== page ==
"Legends are almost always beautiful. The reality often leaves a lot to be desired."
The witcher's remark is aimed at the Elves, who have strained out the grit of life, love and loss before writing down their history, leaving only romantic, idealistic odes to the past. But it could just as easily be applied to the role-playing game: video game memories that sit warm and pretty in the heart, the reality of their original awkwardness so often lost to time and nostalgia.
So we remember the vainglory of slaying the dragon atop a mountain in Skyrim, not the 20 minutes of tacking zig-zigs on horseback that it took to reach its summit. So we remember Aerith's hands clasped on her still chest in Final Fantasy 7, not the machinegun volley of random battles that prevented us from reaching her in time to save her life. So we remember the silhouette of Fable's sheepdog fighting faithful by our side, not those times he caught upon a sticky polygon, or lost his mind to AI Alzheimer's and tore off to greet the distance. Legends are almost always beautiful. The reality often leaves a lot to be desired.
The witcher's game - his second, a Polish blockbuster exquisitely rebuilt stone by stone for Xbox 360 from the 2011 PC original - has been designed to ensure that, wherever possible, the legend and the reality match.
It's in the interface, which allows you to hack, slash, parry and throw spells with the touch of a button, stylishly slowing time to a crawl as you select a different brand of magic from a radial menu before winding it back to full speed once selected with decidedly un-RPG-like flair. It's in the cut-scenes, which press interactivity into the player's palms at every opportunity while maintaining their Game of Thrones-style directorial drama.
It's in the story itself, which is written at a geographical, architectural level just as much as it is written in the words of its characters. It's in the trade-post town of Flotsam where you spend the first few hours of your adventure, a riverside settlement where racial tension, poverty and hopelessness are scrawled into its dirt and structural layout as much as the dialogue boxes of its inhabitants. It's in the whorehouses, gambling dens and fighting rings where you can fritter away your hard-earned pennies on womanly comfort or manly jeopardy - downtime that might not make it to the history books, but which adds spice and grit to the true tale behind the telling. If The Witcher 2 is the stuff of legend, it's a legend rolled from s**t and blood, semen and mud; a plausible legend.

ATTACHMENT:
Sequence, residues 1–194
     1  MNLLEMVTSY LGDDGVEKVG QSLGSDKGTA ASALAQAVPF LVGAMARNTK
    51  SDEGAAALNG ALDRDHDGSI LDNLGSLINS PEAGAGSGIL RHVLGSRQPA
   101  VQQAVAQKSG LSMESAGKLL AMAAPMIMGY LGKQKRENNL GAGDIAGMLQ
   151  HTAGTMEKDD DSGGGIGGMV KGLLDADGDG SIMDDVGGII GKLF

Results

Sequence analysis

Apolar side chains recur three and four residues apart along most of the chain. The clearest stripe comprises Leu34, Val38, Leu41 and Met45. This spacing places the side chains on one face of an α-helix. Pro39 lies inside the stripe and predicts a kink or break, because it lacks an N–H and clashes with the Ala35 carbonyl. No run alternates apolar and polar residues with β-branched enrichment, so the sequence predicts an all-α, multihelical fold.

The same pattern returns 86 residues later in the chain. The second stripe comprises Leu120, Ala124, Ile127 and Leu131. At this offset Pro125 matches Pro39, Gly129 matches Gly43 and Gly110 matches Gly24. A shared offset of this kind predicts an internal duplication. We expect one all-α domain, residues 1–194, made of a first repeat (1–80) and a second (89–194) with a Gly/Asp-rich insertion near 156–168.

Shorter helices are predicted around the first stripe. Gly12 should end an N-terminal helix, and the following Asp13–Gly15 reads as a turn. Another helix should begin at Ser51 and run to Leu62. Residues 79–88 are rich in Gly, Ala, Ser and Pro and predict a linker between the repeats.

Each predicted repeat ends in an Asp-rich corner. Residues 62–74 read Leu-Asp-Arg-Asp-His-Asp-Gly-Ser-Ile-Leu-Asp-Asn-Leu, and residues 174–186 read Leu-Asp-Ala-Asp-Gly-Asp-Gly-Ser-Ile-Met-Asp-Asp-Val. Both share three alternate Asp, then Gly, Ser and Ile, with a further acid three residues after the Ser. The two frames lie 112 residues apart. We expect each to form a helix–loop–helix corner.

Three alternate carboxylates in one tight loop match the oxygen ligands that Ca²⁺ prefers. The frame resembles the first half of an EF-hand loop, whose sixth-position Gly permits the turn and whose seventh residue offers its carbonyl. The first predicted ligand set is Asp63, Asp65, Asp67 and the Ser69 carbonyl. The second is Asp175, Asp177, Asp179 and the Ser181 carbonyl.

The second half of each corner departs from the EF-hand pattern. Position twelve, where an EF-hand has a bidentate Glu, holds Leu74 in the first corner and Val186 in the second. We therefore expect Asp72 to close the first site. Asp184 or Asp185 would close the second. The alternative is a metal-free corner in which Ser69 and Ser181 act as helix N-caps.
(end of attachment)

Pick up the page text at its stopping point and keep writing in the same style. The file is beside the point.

It's in the voice acting, which brings to vivid life dialogue that has the capacity to move in one moment and arrest the next. It's in the races and dialects, the social pecking order that reveals itself in every conversation with a beggar, a king and everyone in between. It's in the way in which the scriptwriters weave this cultural detail into your missions, over the short term and the long. The witcher's working to clear his name for the assassination of a king, but never too busy to ignore a cry for help from a pauper.
It's in the systemic counterpoint to the talking: combat, a taut, impressive affair which pits Geralt against groups of enemies demanding that you earn your wins through quick wits, nicking at foes with sword swipes before driving them back with ranged spells and dagger throws. Even the most seemingly straightforward skirmish is hard won, while battles against the true monsters lurking beneath the game's shallows require mastery before they relent.